Minister blasts reality TV show with borrowed babies

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Minister blasts reality TV show with borrowed babies

German Family Minister Ursula von der Leyen has urged broadcaster RTL to stop the release of a controversial reality TV show in which teenagers will be filmed looking after babies “donated” to the programme.


In an interview with magazine Der Spiegel, to be released next week, the minister, a mother of seven, called on the broadcaster to either stop the show or fundamentally alter it.

“You’re asking yourself the whole time: What about the children? What about their rights?” Von der Leyen, who reportedly watched the episodes, told the magazine.

Called “Adults on Trial,” the reality show is to be aired on the private RTL channel starting June 3. It will feature four teenage couples who want to start a family grappling for four days with all the responsibilities of caring for a baby.

"Changing nappies, sleepless nights, screaming babies and a whole lot of responsibility ... are they really mature enough for the hardest job in the world - having their own children," RTL said in a statement.

The planned show has caused an outcry in Germany with children welfare groups and church leaders slamming the programme’s creators for exploiting defenceless babies and endangering kids.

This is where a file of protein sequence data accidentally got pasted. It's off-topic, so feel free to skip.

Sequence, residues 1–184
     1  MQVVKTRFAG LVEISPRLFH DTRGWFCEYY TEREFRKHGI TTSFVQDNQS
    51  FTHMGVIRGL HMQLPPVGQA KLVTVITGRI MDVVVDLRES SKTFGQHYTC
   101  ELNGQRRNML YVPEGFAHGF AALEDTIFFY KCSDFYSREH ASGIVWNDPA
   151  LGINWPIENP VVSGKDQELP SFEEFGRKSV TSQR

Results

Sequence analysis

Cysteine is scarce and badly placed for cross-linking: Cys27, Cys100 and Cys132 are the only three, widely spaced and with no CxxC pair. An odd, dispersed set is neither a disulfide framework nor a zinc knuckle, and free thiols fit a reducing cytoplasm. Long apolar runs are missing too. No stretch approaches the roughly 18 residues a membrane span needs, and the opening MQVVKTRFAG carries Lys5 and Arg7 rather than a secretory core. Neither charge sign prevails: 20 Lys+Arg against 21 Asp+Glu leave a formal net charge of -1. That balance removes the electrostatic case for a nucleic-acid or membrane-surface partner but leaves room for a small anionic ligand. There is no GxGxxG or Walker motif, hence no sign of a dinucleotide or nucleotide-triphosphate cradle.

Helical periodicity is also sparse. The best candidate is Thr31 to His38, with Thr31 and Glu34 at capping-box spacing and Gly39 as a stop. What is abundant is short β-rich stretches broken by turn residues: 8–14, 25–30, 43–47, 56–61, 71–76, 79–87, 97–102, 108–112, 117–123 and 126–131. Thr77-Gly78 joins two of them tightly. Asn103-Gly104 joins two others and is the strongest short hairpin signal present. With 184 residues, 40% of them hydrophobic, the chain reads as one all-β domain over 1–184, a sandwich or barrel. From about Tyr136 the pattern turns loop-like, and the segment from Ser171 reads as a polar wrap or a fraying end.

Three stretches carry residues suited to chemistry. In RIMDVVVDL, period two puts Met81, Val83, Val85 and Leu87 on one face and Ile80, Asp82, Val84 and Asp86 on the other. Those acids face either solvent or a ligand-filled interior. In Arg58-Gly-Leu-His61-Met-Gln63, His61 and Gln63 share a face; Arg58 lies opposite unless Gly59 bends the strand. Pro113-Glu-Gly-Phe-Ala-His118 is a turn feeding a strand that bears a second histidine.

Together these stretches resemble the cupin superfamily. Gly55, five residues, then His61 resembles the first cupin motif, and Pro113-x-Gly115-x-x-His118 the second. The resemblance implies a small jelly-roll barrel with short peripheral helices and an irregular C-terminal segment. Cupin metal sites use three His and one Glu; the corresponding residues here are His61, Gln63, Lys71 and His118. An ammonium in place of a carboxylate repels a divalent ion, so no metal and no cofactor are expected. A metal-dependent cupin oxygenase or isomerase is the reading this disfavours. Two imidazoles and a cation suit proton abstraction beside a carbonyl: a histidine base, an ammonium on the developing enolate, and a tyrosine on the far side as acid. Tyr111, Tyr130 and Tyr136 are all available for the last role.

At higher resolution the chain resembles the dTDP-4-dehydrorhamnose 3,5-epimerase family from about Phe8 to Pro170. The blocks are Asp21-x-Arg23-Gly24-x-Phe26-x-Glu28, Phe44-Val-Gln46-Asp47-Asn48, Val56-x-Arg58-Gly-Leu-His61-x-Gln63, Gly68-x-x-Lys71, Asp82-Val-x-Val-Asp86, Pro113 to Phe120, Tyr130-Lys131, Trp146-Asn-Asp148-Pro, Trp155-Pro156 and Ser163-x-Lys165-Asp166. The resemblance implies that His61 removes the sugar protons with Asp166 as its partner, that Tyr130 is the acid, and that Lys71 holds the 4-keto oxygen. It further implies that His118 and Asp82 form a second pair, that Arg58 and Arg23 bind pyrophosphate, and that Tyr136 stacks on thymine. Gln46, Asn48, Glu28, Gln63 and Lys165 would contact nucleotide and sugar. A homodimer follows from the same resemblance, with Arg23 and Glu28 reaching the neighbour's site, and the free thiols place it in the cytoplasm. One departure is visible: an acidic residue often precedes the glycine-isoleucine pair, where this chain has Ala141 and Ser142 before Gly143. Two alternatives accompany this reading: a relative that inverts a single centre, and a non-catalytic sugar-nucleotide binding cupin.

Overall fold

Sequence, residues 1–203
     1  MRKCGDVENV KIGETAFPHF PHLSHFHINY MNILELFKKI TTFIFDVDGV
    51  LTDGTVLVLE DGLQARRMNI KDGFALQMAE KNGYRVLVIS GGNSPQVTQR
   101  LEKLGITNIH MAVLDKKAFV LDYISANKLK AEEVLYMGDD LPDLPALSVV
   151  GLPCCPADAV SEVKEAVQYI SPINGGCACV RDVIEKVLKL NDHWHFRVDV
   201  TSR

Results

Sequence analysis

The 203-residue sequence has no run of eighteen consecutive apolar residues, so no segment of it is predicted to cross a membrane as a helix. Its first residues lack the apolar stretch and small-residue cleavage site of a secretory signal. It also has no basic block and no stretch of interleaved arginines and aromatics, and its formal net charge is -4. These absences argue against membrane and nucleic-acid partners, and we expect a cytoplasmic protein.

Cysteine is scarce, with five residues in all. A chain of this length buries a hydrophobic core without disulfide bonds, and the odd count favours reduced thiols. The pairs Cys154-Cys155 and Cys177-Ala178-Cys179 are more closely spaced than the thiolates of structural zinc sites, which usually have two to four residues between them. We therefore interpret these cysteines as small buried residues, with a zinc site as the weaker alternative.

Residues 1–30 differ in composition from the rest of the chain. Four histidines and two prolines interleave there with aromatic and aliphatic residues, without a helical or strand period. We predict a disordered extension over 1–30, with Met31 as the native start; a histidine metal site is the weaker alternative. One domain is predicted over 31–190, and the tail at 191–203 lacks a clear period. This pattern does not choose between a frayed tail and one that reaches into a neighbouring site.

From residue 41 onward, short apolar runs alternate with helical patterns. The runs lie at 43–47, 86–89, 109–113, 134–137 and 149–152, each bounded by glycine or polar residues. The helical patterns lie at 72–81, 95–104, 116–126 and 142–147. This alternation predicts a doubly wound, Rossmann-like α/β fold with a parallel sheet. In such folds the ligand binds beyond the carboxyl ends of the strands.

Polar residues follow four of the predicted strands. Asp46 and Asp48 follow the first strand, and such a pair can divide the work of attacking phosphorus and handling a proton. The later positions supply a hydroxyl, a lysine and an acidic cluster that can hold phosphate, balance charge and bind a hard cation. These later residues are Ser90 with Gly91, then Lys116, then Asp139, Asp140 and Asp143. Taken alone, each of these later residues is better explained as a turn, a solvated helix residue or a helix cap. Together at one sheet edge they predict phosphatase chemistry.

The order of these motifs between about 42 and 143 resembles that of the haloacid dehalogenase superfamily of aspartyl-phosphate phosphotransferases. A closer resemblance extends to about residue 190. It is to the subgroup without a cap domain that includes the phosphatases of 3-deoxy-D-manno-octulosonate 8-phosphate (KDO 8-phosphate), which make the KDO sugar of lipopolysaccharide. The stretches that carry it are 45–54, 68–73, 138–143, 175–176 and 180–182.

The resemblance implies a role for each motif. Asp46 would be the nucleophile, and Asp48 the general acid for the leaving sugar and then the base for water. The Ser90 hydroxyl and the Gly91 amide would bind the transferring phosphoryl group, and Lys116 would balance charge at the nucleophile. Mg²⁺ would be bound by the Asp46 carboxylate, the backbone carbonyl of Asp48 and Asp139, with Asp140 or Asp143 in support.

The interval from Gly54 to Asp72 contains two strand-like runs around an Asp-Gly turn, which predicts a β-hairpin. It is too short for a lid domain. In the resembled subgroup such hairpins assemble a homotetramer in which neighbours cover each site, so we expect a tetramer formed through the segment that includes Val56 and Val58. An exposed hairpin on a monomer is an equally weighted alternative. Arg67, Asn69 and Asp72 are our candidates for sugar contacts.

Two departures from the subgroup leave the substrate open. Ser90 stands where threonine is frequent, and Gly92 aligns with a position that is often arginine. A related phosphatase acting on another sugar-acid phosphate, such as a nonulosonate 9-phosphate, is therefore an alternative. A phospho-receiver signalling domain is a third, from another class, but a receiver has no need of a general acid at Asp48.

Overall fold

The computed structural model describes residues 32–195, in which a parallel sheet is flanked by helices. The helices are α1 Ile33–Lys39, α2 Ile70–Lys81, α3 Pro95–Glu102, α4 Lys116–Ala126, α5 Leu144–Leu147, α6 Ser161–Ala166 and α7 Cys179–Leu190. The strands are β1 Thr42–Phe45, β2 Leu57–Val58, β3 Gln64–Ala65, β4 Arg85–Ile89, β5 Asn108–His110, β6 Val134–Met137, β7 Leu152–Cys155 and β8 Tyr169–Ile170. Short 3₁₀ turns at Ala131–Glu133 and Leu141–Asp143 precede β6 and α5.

Von der Leyen said the program was based on a negative portrayal of young children.

“You’re suggesting to the viewer: daily life with small children is purely stress, means confrontation and fuels conflict,” she said.

The Cologne-based broadcaster has defended the show, saying the babies "lent" to the teenagers for the programme will be monitored around the clock by child psychologists and doctors. In addition, the real parents are in an adjacent house and can break off the "experiment" at any time, it added.

RTL entertainment chief Tom Sänger said the show, based on Britain’s “The Baby Borrowers” aired last year on the BBC, wanted to draw attention to the growing problem of teenage pregnancies in Germany.

“Teenage pregnancies is a serious topic and a real problem in Britain,” Von der Leyen said. But the minister added that the rate of teenage pregnancies was very small in Germany thanks to years of sex education in schools.


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